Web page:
Ronaldo in court for tax evasion charge
|bbc.com 22 Jan 2019 at 00:34|
Football superstar Cristiano Ronaldo has arrived in court in Madrid amid a huge media presence to face tax evasion charges which could result in an €18.8m (£16.6m) fine.
A judge refused the player s request to appear by video or to enter the building by car to avoid the spotlight.
He is widely expected to plead guilty in a pre-agreed deal that would hand him a 23-month jail sentence.
In Spain, convicts are usually not sent to jail for sentences under two years.
The non-violent nature of Ronaldo s offence means it is unlikely he would face any time at all in jail under the deal.
Ronaldo, five-time winner of Europe s Ballon d Or and often titled one of the world s best players, is accused of avoiding paying tax in Spain between 2011 and 2014, when he was playing for Real Madrid and based in the Spanish capital.
Journalist Ruben Canizares posted a video of the footballer arriving at the provincial court with his fiancee Georgina Rodriguez.
Así ha llegado Cristiano Ronaldo a la Audiencia Provincial. De la mano de Georgina, firmando autógrafos y sonriente: “Estoy perfecto” pic.twitter.com/zandMqqMGm
The case centres around lucrative image rights deals. Prosecutors say the proceeds were funnelled through low-tax companies in foreign nations to avoid paying the required tax.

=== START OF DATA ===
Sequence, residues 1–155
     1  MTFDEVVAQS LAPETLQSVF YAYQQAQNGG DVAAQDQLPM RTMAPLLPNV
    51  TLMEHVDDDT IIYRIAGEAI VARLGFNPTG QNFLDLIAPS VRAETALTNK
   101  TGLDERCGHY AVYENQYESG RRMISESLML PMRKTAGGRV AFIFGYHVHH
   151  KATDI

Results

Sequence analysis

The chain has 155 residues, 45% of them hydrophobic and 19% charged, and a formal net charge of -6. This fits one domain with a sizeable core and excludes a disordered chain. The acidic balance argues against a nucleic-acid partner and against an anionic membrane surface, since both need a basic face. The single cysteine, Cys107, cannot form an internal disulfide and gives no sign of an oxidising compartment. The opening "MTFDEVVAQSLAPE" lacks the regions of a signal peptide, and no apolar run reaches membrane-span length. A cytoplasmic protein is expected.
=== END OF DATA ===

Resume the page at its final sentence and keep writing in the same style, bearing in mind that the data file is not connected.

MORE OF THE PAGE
The amount was reported to be in the region of €14.8m.
In 2017, when the allegations first emerged, prosecutors said it was a "voluntary and conscious breach of his fiscal obligations in Spain".
But Ronaldo s lawyers said it is all down to a misunderstanding over what was and was not required under Spanish law, and deny any deliberate attempt to evade tax.
, had to be agreed with Spain s tax authorities. It will be presented to the judge on Tuesday at a short court session. The judge will announce his verdict in the coming days.
Ronaldo is not the only high-profile player to face the wrath of Spain s tax system.
His former Real Madrid team-mate Xabi Alonso is expected to appear in court on the same day for the first time , charged with similar image rights offences amounting to about €2m.
In recent years:
The recent crackdown on high-profile footballers follows the removal of a tax exemption in 2010. Known as the "Beckham law", it had allowed footballers to curb their taxes.